Cory Doctorow (craphound.com) is a science fiction author, activist, and journalist. His latest book is CHOKEPOINT CAPITALISM (with Rebecca Giblin) nonfiction about creative labor markets and monopoly. His latest novel is ATTACK SURFACE, a standalone adult sequel to LITTLE BROTHER. He is also the author HOW TO DESTROY SURVEILLANCE CAPITALISM, nonfiction about conspiracies and monopolies; and of RADICALIZED and WALKAWAY, science fiction for adults, a YA graphic novel called IN REAL LIFE; and young adult novels like HOMELAND, PIRATE CINEMA and LITTLE BROTHER. His first picture book was POESY THE MONSTER SLAYER (Aug 2020). In 2023/4, Tor Books will publish two more science fiction novels for adults: RED TEAM BLUES and THE LOST CAUSE; and Verso will publish THE INTERNET CON, a nonfiction book about monopoly and radical interoperability. He maintains a daily blog at Pluralistic.net. He works for the Electronic Frontier Foundation, is a MIT Media Lab Research Affiliate, is a Visiting Professor of Computer Science at Open University, a Visiting Professor of Practice at the University of North Carolina’s School of Library and Information Science and co-founded the UK Open Rights Group. Born in Toronto, Canada, he now lives in Los Angeles. In 2020, he was inducted into the Canadian Science Fiction and Fantasy Hall of Fame.

Margot Dor

Strategy Director of ETSI a European Standards Organization, driver of the Carl Bildt Report on Strategic Standardisation for Europe in the Digital Era

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Nikolaus Forgó (University of Vienna, Austria)

Nikolaus Forgó is Professor of IT and IP Law and Head of the Department of Innovation and Digitalisation in Law of the University of Vienna, where he is also the head of the Postgraduate Program for Information- and Media Law, founded by himself. Until 2017, he was Professor for IT-Law and Legal Informatics at Leibniz University Hannover, where he also served as Head of the Institute for Legal Informatics, as Data Protection Officer, and as Chief Information Officer. From 2013 to 2017, he was Director of the Research Center L3S in Hanover. He has conducted extensive dogmatic and third-party funded research for European, German and Austrian clients regarding questions of IT law, in particular data protection and data security law, and engaged in evaluation and consulting activities for the European Commission, the German Research Foundation, the German Ethics Council as well as various German and Austrian ministries, among others. Since March 2017, Prof Forgó is serving as member of the Digitalisation Council of Lower Saxony and since July 2018 as expert member of the Data Protection Council of the Republic of Austria. more details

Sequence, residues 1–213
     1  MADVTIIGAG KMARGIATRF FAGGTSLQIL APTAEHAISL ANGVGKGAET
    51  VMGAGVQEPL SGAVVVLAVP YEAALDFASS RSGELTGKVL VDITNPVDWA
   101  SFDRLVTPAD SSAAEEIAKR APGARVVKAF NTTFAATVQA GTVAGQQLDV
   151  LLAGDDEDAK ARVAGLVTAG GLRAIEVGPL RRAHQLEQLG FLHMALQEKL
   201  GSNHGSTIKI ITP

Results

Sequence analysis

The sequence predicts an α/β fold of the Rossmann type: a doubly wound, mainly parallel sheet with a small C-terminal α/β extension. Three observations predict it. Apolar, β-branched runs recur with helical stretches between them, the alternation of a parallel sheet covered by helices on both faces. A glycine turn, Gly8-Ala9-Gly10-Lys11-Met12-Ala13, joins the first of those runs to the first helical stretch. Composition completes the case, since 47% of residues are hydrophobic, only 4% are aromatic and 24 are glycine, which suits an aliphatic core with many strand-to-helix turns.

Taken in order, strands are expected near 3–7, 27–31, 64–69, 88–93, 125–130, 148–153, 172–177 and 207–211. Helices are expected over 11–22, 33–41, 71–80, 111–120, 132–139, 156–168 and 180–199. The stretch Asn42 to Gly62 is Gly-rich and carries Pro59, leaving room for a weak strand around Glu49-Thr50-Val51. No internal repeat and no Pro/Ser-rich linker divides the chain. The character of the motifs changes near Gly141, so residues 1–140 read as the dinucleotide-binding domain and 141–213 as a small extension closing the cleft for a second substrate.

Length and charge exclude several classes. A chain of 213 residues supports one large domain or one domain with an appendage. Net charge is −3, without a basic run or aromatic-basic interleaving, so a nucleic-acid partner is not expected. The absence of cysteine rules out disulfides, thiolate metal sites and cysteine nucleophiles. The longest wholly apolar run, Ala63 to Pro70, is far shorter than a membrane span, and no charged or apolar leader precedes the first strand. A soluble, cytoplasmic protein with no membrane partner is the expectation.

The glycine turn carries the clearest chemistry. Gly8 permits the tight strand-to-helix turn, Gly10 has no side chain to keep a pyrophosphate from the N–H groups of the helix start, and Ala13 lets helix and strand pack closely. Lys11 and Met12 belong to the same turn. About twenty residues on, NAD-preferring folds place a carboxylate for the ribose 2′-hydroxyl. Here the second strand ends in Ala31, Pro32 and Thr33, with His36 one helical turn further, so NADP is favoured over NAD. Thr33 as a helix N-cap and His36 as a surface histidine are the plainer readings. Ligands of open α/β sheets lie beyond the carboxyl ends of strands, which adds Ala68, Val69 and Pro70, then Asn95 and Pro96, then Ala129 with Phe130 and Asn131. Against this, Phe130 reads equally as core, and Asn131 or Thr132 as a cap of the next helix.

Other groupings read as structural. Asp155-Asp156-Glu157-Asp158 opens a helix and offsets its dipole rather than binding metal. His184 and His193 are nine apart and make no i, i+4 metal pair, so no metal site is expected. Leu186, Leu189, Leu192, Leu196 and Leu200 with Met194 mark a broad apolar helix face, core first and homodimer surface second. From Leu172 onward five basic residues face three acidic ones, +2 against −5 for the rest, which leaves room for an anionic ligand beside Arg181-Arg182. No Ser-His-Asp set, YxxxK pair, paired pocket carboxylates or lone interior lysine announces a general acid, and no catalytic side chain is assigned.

Alfonso Fuggetta (Politecnico di Milano)

Alfonso Fuggetta is Full Professor at Politecnico di Milano.

Since 2003, he’s been appointed Scientific Director of Cefriel (the innovation center of several Universities of Milan, the Lombardy Region and 17 multinational companies).

In past years, he has been a member of several committees of the Italian Government including the Government Committee on Open Source Software in the Public Administration. He has also collaborated with AIPA, CNIPA, Department of Innovation of the Italian Government, Ministry of Health, Ministry of Labour, Ministry of Education and University. He also regularly collaborates with Regione Lombardia and other local and regional administrations.
He was member of several program committees for international conferences and of editorial boards of scientific journals.

He’s also been Faculty Associate at the Institute for Software Research of University of California, Irvine.

Carlo Ghezzi (Politecnico di Milano, Italy)